Jennifer Lawrence by Gage Skidmore, on Flickr
Creative Commons Creative Commons Attribution-Share Alike 2.0 Generic License   by  Gage Skidmore 


J-Law’s photos are the rage of every tabloid, and yet some well-respected individuals still feel the need to throw an inappropriate comment into the mix.


Unless you’ve been living under a rock, you’ve probably caught wind of the recent celebrity photo-leak that saw Jennifer Lawrence thrown into the spotlight. The 24-year old Academy Award winning actress has recently, along with a handful of other A-list females, seen her sexual privacy obliterated at the hands of an internet hacker.

The blatant violation of her privacy has been rightly viewed by many as disgraceful, punishable behaviour. But sadly for some, it appears that victim blaming is still the way forward. On September 1st, Ricky Gervais posted the following Tweet: 

“Celebrities, make it harder for hackers to get nude pics of you from your computer by not putting nude pics of yourself on your computer.” – Ricky Gervais (@rickygervais), September 1, 2014

Having private photos of your own body is not a crime. Stealing such photos that do not belong to you is; and a morally repugnant one at that. By all means, a fully grown woman is allowed to acknowledge her womanhood. She is allowed to be a sexual being; she is allowed to share that sexuality with those she chooses. These choices are hers and hers alone. She should not have to abstain from such actions for the fear of them being stolen and shared publicly. She has not given consent to that.

Imagine that you rang the police to report that something valuable had been stolen from your home. The policeman turns up, has a look around, and says, ‘why don’t you make it harder for burglars to steal your TV by not owning one?’ That’s the kind of thinking Gervais seems to have employed here. It makes me wince to think that it so closely resembles a sketch from the US version of his own sitcom, ‘The Office’, in which Andy Bernard infers that the only true form of safe sex is abstinence. In comic fashion, Daryl Philbin mocks ‘Oh… I didn’t realise we were doing trick questions. What’s the safest way to go skiing? Don’t ski.’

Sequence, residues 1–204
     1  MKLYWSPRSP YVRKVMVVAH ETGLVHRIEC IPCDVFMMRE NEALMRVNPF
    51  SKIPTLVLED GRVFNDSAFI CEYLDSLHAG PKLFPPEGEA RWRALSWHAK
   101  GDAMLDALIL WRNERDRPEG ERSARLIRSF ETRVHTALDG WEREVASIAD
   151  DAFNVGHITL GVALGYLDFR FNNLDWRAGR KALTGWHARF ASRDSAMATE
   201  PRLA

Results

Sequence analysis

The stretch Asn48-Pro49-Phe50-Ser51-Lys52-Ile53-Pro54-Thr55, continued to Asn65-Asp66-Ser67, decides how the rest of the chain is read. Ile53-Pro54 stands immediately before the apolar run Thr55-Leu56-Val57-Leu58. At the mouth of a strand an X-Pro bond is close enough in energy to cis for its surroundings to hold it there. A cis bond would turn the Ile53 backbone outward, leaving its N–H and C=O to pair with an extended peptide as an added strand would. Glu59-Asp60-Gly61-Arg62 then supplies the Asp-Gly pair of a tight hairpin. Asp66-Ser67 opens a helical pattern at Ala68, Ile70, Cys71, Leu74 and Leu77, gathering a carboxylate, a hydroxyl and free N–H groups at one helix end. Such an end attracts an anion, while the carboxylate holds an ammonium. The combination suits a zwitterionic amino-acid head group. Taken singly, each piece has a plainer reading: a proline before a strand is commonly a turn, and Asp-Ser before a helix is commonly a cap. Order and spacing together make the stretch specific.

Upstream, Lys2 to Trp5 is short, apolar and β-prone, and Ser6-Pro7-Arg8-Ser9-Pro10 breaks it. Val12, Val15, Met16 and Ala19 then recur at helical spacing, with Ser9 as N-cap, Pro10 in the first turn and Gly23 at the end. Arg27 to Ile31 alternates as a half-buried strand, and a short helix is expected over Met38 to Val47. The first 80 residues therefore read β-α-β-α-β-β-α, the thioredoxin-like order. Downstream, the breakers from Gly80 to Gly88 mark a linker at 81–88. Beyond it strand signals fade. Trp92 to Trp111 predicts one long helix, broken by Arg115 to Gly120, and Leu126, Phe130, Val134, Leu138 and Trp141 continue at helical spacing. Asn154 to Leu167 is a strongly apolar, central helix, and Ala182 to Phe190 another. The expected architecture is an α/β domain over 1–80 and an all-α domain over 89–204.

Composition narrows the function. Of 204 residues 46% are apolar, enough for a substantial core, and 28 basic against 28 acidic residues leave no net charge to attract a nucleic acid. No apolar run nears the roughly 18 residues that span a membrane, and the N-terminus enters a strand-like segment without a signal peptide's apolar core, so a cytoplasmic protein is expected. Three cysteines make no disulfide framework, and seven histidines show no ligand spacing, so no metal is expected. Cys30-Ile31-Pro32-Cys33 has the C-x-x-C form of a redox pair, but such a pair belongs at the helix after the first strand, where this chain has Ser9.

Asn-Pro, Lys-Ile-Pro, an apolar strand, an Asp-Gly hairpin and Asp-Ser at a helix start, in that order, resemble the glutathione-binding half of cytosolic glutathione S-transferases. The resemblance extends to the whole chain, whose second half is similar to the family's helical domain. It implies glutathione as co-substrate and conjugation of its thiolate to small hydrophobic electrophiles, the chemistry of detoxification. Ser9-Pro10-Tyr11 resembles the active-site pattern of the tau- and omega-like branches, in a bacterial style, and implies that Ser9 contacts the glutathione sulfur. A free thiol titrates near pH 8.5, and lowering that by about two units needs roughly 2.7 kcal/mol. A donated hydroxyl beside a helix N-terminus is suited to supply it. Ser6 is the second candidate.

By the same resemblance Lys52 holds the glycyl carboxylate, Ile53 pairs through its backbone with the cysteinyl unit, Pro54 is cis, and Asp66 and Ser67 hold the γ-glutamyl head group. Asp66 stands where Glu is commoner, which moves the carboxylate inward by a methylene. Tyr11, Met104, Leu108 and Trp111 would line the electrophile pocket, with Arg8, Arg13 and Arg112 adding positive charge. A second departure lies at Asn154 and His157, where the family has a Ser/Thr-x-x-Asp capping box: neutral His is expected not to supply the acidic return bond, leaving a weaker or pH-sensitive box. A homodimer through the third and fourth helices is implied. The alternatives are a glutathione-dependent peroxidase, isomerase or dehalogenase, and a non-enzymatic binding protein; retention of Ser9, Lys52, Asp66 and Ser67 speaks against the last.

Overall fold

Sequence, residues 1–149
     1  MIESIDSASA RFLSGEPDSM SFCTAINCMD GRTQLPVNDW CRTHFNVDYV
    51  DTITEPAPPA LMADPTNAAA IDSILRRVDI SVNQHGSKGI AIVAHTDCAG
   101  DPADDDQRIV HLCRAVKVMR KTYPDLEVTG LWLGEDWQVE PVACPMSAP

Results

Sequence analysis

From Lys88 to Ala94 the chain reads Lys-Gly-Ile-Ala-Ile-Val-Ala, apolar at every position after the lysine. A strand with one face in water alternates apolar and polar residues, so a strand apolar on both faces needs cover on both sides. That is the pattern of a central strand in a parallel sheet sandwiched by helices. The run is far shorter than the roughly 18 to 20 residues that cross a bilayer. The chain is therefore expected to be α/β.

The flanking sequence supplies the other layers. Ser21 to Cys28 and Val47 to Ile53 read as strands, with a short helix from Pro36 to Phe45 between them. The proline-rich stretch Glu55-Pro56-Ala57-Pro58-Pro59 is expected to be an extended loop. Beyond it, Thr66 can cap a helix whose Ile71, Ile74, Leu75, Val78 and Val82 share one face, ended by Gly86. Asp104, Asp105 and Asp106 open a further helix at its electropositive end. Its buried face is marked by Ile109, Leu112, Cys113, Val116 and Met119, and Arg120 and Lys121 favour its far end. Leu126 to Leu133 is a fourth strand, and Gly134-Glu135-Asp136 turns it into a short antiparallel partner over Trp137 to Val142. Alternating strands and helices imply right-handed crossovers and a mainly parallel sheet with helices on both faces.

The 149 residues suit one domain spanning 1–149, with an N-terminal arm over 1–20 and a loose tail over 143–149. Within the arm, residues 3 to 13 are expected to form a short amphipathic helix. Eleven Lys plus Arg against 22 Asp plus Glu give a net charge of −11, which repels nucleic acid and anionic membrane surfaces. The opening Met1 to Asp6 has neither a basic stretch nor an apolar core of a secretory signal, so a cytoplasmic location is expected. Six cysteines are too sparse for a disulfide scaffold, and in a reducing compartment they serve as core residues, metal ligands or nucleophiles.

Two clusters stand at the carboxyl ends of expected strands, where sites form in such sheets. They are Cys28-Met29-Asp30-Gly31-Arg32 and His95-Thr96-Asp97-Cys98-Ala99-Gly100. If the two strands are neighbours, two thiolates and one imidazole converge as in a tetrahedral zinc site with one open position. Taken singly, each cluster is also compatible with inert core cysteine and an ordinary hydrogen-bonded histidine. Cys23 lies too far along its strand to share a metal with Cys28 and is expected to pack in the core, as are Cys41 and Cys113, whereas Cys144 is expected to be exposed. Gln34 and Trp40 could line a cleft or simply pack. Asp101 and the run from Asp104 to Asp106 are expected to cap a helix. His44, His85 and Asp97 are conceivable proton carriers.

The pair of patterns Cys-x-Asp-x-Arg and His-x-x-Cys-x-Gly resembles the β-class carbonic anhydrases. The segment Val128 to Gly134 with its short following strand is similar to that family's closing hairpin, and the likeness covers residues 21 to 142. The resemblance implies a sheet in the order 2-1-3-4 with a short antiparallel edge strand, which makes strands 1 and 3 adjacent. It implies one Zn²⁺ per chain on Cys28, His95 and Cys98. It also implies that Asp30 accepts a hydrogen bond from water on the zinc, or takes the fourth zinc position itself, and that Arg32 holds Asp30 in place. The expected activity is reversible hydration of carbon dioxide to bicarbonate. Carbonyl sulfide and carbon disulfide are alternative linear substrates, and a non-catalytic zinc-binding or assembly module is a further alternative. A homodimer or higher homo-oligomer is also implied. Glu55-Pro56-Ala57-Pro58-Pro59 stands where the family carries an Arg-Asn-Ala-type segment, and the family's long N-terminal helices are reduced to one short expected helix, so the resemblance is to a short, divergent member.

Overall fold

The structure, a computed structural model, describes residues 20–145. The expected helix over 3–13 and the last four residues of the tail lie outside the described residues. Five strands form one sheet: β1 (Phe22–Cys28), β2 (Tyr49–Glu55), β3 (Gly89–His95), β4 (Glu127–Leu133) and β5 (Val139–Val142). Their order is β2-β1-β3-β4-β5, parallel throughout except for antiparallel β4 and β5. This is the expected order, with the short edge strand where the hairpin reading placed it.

Gervais’ tweet seems to lean distastefully towards the vein of ‘if you don’t want to be raped, don’t go out alone after dark.’ In this day and age, why should we have to live in fear? This backwards way of thinking should be a thing of the past; I, along with a million others, no doubt, long for the day when we really do teach ‘don’t rape’, instead of ‘don’t walk alone at night.’ You might argue that this is already a reality – but then how do you explain the not-so-infrequent shaming of women for their choice of dress? You only have to look up and down a Twitter feed before you find something along the lines of ‘if you don’t want the attention, don’t wear such slaggy clothes’, as I woefully discovered the other day. Even in court, rape victims are still questioned by the defence about their attire, their flirtatiousness, or their reason for walking home alone in the dark.

A woman cannot help that her physical being is a source of attraction to some. She should not have to hide herself away, cover herself up, or abstain from taking sexual pictures or making sexual choices for the fear of exploitation and violation. Nobody should.

In concentrating on the exploitation of specifically female victims in this article, I do not mean to dismiss the violation of their male counterparts. The reason I am focusing on women is because the list released by the hacker, supposedly detailing whose photos have been stolen, is compromised solely of women.

Maybe Gervais is right: maybe if you don’t want your personal photos being stolen, you shouldn’t take any – maybe you shouldn’t even own a camera. Maybe you shouldn’t even get naked, ever. And if you don’t want to die, here’s some advice from the same school of thought: don’t ever bother living.

The more I consider Gervais’ comment, the more I hope it was a joke. Yet, even as a joke, his tweet was completely inappropriate and disrespectful; it should never have been posted. It is with sadness that I close this article, knowing that my respect for a brilliant comedian has been forevermore tarnished.

Sally Allmark

Please note: Gervais has since removed the tweet from his Twitter feed.

*The content of Perspective articles, as with all articles posted on the Tribe, reflects solely the views of the authors. The opinions expressed are not those of the Tribe as a publication or necessarily those of any other member of the editorial and/or writing staff*